Endometriosis: Takeaway Points


Sponsored in Part by a Medical Educational Grant by Myovant Sciences. Content Independently developed by Contemporary OB/GYN.

Endometriosis experts describe their takeaway points messages on the management of endometriosis.

Hugh Taylor, MD: Let’s wrap up. I’ll start with some of the takeaway points from this conversation, and then I’ll let everyone add other important take-home messages for our audience. The first thing we need to do is listen to our patients, be aware of this disease, make sure our patients feel comfortable talking to us, let them know we’re open to talking about it, and catch this disease early with early clinical diagnosis. Start first-line therapy—typically that’s a progestin-based therapy, whether it’s a progestin or an oral contraceptive. But move quickly. Don’t tell them to come back in a year. Follow up in 6 to 8 weeks. Move quickly to second-line therapy if the first line is ineffective. In many patients it will be, and we use oral contraceptives not because they’re the best therapy but because they’re easy and inexpensive.

We have better therapies. Many patients will benefit from that and move to second- or third-line therapy fairly quickly to nip this in the bud, to prevent the progression of disease and restore that life trajectory that’s often hampered, especially in young women who are suffering in school or in the early stage of their career—times of life that you don’t get to do over. We need to take it very seriously and make sure that we put these people back on track as soon as possible and start to eliminate that 10-year delay to diagnosing endometriosis. Does anybody else want to add a key takeaway point?

Jessica Shim, MD: Everyone described their approach. It’s refreshing to hear that we all incorporate a lot of shared decision-making, understanding [the importance of] compliance and adherence to a medical regimen. [We should] pick 1 that the patient understands how to use, [knowing] the possible adverse effects and risks that will help the relationship and [how it will] help their endometriosis care.

Hugh Taylor, MD: I start with an oral contraceptive and then quickly go on to a GNRH antagonist. The GNRH antagonists have lowered that threshold for going to second-line therapy, where it’s only the depot agonists, which was a big hurdle.

Sawsan As-Sanie, MD: These are all excellent points. We need to remember that endometriosis is a chronic disease. Through shared decision-making, priorities for a given patient can change over time. When we’re seeing patients in their adolescent and younger years, their goals might be very different from when they’re trying to have a family. Those might be very different from those patients who are not—they’ve completed their family or that’s not their goal anymore. Picking a treatment at a given time might change over a patient’s life course. Those active conversations might also change over time.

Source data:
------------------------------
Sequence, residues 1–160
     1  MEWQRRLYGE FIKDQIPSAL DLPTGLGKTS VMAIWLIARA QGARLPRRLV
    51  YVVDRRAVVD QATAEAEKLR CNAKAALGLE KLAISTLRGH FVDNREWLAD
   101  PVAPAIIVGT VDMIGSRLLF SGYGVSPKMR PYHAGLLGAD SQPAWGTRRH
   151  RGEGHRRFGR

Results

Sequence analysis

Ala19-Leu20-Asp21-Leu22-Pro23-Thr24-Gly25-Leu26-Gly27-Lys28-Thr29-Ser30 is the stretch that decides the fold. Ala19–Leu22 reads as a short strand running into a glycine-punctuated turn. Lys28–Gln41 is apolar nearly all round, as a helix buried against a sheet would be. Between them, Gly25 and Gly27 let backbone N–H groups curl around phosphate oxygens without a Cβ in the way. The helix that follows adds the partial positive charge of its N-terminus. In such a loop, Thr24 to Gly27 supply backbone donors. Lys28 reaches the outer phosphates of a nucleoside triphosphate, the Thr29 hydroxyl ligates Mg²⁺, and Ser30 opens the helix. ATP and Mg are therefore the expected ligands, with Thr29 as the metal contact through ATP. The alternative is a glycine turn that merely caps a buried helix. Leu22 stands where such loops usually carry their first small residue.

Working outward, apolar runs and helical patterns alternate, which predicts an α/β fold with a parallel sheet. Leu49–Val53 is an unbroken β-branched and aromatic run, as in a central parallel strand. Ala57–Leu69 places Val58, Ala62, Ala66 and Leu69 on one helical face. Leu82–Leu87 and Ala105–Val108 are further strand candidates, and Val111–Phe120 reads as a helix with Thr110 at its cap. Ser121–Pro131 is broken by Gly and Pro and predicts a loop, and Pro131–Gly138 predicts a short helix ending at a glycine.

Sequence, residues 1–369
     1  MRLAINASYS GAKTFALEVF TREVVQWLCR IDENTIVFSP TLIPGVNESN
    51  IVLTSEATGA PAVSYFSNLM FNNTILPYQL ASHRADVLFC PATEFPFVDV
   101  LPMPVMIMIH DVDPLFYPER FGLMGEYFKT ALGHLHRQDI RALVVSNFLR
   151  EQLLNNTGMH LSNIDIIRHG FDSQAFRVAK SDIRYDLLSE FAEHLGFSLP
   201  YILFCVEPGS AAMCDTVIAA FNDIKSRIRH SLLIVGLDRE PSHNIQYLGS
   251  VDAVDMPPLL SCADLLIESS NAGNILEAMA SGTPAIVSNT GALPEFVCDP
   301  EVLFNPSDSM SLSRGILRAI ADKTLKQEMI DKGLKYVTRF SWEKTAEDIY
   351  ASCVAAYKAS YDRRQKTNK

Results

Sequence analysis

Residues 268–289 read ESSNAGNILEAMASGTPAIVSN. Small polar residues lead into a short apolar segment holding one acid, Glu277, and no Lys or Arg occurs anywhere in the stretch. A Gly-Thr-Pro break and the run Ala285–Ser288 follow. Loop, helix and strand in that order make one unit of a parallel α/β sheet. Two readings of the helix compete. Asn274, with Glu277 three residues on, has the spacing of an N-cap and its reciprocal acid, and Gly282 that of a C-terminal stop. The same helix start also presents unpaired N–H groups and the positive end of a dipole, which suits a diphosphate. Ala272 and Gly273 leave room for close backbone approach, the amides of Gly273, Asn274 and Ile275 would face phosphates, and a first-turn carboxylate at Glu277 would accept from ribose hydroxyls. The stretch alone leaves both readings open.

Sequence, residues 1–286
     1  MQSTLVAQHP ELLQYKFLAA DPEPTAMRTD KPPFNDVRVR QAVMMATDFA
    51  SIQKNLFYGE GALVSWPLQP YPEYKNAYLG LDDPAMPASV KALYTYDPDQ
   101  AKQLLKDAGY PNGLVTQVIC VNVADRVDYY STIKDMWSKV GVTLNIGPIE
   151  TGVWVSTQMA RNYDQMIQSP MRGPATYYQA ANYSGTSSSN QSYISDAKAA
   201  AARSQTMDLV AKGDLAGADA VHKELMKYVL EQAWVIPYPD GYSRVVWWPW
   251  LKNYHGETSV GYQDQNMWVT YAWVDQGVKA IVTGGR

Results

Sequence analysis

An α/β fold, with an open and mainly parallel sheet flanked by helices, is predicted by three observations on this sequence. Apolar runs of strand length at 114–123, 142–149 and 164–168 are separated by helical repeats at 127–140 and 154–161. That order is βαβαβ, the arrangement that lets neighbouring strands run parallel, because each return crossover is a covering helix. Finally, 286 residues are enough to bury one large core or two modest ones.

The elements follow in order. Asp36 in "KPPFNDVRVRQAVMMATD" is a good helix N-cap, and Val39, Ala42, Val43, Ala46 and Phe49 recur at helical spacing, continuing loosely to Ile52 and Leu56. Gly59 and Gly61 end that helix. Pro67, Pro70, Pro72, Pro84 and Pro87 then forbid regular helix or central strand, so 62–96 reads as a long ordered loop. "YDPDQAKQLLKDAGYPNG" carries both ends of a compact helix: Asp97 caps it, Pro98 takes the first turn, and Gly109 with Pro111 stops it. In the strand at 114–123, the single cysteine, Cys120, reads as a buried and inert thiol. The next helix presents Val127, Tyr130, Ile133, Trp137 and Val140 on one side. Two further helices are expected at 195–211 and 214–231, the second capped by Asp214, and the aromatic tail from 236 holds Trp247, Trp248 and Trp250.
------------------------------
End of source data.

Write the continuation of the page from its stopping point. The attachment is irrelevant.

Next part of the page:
Hugh Taylor, MD: Sawsan mentioned the fertility aspects of what a lot of our patients are looking to make, some more immediately. That’s something we haven’t addressed much today. While we’re looking for new therapeutics for pelvic pain and dysmenorrhea associated with endometriosis, we should also keep our minds open about what types of therapies we might be able to develop that will enhance the fertility of women and couples. That’s a future goal for us, trying to enhance fertility as well as treat the pain.

Linda Giudice, MD, PhD: Those who are going to be treating patients with endometriosis should feel empowered to make the diagnosis and establish relationships with a referral base for a multidisciplinary approach. Also, we’re entering an age where we have more flexibility for dosing. Sawsan mentioned personalized medicine. We have GNRH antagonists that we can give as 2 doses, a 1-dose combination, or not in combination. These things will be very empowering for physicians, nurse practitioners, and others who care for our patients, and you don’t have to be a reproductive endocrinologist to prescribe these medications. The onus is on us, as a community, to educate our clinical colleagues with regard to the disease and the medical options and to hopefully establish a referral basis for a multidisciplinary approach.

Hugh Taylor, MD: Thank you all. It’s been a treat having this discussion with other endometriosis experts. It’s been a privilege talking to you all. I want to thank our audience for watching Contemporary OB/GYN® Peer Exchange. If you’ve enjoyed this content, you can subscribe to the e-newsletter to receive upcoming Peer Exchanges and other great content in your email in-box. Thank you.


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